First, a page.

Gig-a-bite: Part-time working at pre-recessionary levels, study finds
‘Gig economy’ not as extensive as reports have suggested, study indicates
Temporary employment contracts accounted for 80 per cent of contingent workers and have not shown any significant signs of increasing in recent years, the ESRI report found.
The scale of the so-called gig economy isn’t as significant as some reports suggest, according to a new study by the Economic and Social Research Institute (ESRI).
The research found the incidence of part-time or “contingent” employment in the Republic remains at pre-recessionary levels despite claims it has been increasing over time.
The study said that part-time employment here ranged from 8 to 9 per cent of total employment between 1998 and 2005, before increasing to more than 10 per cent between 2011 and 2013 when the economy was mired in recession. However, since then it has fallen back to its pre-recession level and remains significantly lower than in other European states, some four percentage points below the European Union average.
“The evidence does not support the view that the incidence of contingent employment has been increasing steadily over time in Ireland, ” the ESRI concluded.
Internationally there has been a rise in the number of people who say their employment involves some sort of flexible contract, which does not guarantee them a minimum number of hours.
In the UK sports retailer Sports Direct has a certain cohort of staff on zero-hours contracts, meaning the employer is not obliged to provide a minimum number of working hours per week.
The ESRI’s research, which makes use of three different datasets including the Quarterly National Household Survey compiled by the Central Statistics Office (CSO), said the two principal components of contingent employment in Ireland are employees on temporary contracts and freelances.
Temporary employment contracts accounted for 80 per cent of contingent workers and has not shown any significant signs of increasing in recent years, the report noted. While it increased slightly during the post-recession period of 2011 to 2013 to just over 8 per cent of total employment, it has since returned to its long-run average of 7 per cent of total employment in 2016.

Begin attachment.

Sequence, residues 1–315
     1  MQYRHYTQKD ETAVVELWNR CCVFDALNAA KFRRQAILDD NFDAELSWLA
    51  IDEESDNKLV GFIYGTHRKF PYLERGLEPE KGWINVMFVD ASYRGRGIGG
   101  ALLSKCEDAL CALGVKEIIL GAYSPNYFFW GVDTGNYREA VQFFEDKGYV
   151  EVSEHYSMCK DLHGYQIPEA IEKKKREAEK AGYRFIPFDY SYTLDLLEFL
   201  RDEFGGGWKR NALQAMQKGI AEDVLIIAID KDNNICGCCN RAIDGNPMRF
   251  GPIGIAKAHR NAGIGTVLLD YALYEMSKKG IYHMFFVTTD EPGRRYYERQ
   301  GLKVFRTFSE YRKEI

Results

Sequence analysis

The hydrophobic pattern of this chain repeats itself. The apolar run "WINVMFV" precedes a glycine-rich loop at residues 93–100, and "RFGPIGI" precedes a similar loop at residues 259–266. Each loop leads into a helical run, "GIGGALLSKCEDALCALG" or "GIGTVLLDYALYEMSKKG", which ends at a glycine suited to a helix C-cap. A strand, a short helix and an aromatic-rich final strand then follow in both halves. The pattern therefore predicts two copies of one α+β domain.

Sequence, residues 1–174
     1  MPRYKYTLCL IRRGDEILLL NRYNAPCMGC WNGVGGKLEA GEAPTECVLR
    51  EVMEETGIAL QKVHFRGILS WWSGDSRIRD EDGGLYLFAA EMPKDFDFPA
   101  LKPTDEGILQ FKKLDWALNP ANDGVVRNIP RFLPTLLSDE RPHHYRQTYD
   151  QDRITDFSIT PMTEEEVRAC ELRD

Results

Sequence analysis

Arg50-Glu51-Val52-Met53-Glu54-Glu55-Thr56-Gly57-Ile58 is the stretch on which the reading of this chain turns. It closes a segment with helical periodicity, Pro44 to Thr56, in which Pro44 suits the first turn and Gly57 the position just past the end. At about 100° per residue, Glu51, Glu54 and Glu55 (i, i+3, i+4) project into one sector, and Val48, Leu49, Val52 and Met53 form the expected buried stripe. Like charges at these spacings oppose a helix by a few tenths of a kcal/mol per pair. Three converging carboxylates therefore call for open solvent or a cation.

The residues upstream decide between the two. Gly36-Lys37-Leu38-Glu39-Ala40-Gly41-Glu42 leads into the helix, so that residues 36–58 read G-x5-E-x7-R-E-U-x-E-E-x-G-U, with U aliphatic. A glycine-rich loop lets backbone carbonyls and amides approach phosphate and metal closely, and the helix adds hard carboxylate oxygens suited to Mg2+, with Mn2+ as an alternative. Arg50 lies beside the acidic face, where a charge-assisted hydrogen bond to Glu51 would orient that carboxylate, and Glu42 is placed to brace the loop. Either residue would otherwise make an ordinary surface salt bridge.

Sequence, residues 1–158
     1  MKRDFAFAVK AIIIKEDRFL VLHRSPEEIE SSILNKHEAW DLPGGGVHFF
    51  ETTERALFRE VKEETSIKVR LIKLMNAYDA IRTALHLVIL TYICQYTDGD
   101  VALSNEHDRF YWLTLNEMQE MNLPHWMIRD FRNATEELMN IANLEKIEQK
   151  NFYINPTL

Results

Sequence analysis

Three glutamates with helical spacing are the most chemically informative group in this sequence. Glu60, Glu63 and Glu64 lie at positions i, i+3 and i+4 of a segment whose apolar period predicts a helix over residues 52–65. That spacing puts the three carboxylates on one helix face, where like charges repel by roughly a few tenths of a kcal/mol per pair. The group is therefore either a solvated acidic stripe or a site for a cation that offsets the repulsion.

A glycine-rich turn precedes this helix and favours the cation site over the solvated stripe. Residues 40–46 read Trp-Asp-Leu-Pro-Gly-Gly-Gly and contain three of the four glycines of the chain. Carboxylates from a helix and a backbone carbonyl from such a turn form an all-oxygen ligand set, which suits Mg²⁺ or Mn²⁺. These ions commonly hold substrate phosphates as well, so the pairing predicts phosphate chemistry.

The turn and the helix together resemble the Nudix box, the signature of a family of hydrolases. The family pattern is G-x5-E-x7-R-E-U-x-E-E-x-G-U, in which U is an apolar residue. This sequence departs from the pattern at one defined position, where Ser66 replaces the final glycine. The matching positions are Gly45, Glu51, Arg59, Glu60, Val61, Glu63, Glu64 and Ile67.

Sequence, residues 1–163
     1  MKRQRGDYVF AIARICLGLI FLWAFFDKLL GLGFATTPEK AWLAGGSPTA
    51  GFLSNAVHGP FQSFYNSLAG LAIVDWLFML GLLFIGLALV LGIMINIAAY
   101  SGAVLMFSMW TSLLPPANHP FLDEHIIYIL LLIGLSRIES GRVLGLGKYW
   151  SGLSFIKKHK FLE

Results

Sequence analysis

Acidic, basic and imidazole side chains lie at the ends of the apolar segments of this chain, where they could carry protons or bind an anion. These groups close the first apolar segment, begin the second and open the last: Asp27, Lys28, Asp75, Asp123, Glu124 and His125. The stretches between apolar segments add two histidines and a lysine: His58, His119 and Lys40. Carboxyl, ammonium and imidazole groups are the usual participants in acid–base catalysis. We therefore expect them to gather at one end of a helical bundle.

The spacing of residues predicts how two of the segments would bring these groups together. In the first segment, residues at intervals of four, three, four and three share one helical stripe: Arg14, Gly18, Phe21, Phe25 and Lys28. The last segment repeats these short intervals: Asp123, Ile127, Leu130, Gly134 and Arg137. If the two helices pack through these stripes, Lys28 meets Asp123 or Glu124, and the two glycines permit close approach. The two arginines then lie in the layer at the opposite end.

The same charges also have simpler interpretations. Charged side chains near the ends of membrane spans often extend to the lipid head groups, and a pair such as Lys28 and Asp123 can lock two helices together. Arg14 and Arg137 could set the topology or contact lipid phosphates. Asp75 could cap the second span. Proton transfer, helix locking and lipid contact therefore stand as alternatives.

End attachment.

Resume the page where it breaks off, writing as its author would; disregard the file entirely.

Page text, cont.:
In contrast, freelance employment has been increasing steadily in Ireland since 1998, the study noted. However, it represents a relatively minor component of the Irish labour market, accounting for just over 2 per cent of total employment and 12 per cent of self-employment in 2016.
The report also highlighted that in contrast to other EU countries temporary employment in Ireland was not concentrated among low-skilled occupations. In contrast, it is found across all education levels, sectors, occupations and organisational sizes.
This is reflected in the pay differential between permanent and temporary employment – known as the pay penalty – which was 21 per cent in Ireland in 2014 compared with the EU average of 29 per cent.
The report also found that temporary employment did not generally act as “a stepping stone” to permanent employment. But temporary workers reported similar levels of job satisfaction as their permanent counterparts.
“The issue of contingent employment is highly topical and it is important that we begin to establish an evidence base for Ireland,” said Prof Séamus McGuinness of the ESRI.
“The evidence in this report suggests that it is not an increasing phenomenon in Ireland,” he said. “The contrasting impacts of temporary contracts on earnings and job satisfaction suggests that workers might enter such relationships for a variety for reasons,” he said.